Our members come from the professional services and financial industries in small international financial centres. In the Cayman Islands, our members include Appleby, Butterfield, Harneys, Intertrust, Maples and Calder, Mourant Ozannes, Rawlinson & Hunter and Walkers.
The success of the Cayman Islands, both socially and economically, has historically been based on a unique partnership between the public and private sectors. In these challenging times these two groups are once again coming together to write the next chapter in the islands prosperity.
Politicians make much of sharing values with their constituents, though they struggle at times to elucidate precisely what those values are and what it is that is of value to both sides of the equation.
During the 2010 U.K. general election, the campaign rhetoric promised to continue to “bring down net migration to levels observed in the 1990s, while ensuring that only economic migrants who bring the most value to the economy would be admitted.”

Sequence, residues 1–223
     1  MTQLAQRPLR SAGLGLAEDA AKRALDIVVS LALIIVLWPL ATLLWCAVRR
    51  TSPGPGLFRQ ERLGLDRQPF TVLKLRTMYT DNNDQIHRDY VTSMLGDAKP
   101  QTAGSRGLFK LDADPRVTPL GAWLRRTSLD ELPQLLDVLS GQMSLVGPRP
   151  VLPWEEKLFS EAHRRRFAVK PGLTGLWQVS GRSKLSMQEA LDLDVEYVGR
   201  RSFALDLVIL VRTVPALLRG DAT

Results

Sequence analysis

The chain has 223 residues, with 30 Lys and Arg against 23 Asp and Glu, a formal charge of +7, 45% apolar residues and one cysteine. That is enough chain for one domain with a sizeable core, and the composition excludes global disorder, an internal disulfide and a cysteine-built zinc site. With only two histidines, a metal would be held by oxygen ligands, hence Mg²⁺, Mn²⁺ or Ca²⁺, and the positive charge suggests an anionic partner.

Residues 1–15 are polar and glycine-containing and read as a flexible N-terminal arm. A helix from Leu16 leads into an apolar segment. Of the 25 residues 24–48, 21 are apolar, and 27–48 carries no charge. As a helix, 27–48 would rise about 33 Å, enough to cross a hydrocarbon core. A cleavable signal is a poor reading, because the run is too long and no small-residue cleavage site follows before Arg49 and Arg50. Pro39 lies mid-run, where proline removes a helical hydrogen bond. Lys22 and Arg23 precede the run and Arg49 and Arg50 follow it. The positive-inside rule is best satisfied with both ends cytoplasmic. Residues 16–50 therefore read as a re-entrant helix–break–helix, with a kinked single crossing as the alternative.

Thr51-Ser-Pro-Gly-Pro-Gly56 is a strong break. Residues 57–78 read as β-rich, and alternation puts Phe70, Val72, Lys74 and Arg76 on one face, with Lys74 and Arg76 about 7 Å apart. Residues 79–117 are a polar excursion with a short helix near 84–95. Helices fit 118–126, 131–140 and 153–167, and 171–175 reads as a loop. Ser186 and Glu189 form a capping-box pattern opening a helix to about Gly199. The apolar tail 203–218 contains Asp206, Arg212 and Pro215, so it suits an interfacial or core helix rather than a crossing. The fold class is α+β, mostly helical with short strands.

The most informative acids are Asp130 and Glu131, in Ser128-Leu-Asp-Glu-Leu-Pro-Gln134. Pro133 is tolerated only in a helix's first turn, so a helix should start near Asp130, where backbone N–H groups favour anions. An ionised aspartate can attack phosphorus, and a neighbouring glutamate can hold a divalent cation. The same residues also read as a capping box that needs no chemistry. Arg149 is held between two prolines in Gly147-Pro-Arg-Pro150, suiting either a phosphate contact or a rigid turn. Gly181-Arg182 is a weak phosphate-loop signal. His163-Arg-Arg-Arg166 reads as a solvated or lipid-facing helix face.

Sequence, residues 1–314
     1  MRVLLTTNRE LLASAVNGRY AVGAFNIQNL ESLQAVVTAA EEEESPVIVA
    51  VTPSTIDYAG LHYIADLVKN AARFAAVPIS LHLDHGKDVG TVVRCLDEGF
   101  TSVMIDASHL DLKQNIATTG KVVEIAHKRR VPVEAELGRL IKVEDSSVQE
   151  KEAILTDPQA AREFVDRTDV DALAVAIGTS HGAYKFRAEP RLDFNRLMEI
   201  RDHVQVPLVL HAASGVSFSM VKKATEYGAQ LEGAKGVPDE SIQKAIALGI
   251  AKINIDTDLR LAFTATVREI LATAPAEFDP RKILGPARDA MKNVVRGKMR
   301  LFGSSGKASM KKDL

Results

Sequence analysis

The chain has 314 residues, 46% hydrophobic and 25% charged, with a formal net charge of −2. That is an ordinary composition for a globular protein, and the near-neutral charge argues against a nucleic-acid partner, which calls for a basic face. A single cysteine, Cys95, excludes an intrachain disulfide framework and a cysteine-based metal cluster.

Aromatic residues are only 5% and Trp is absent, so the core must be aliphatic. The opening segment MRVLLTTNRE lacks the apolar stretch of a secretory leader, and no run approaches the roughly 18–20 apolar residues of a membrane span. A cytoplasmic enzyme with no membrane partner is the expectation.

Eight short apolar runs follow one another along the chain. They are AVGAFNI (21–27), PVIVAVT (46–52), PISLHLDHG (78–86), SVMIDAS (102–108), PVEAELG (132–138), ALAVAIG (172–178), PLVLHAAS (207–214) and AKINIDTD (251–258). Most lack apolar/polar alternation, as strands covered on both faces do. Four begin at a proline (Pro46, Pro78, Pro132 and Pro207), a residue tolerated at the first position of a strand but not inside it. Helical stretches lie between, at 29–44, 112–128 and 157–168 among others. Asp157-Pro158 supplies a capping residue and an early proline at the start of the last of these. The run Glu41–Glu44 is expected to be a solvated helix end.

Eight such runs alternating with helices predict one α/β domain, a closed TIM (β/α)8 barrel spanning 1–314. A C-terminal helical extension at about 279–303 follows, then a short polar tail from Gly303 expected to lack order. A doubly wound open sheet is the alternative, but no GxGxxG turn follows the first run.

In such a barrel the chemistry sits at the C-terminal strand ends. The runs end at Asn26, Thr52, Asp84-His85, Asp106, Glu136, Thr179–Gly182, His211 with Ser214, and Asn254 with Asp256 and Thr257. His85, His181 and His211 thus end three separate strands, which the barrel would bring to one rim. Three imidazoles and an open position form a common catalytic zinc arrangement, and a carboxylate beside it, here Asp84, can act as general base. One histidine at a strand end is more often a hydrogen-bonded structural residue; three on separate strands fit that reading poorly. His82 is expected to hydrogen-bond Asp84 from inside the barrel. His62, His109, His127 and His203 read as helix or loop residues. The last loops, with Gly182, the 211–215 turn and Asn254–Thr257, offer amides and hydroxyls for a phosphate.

The British Overseas Territories and Crown Dependencies are coping with increasing amounts of regulation and are working hard to obtain the credit many deserve for their response to the shifting regulatory agenda.
Concerns in the U.S. and Europe over security leaks and the debate about access to public versus private information runs in some ways parallel to the discussion regarding the information investors prefer and require to make informed decisions about their investments in Cayman Islands funds.
These past few years have seen massive upheavals in the economies of many countries around the world, big and small, yet Cayman remains strong as a resilient jurisdiction that continues to offer a professionally skilled workforce second to none, opportunities for growth, innovation in development and a lifestyle that is still envied the world over.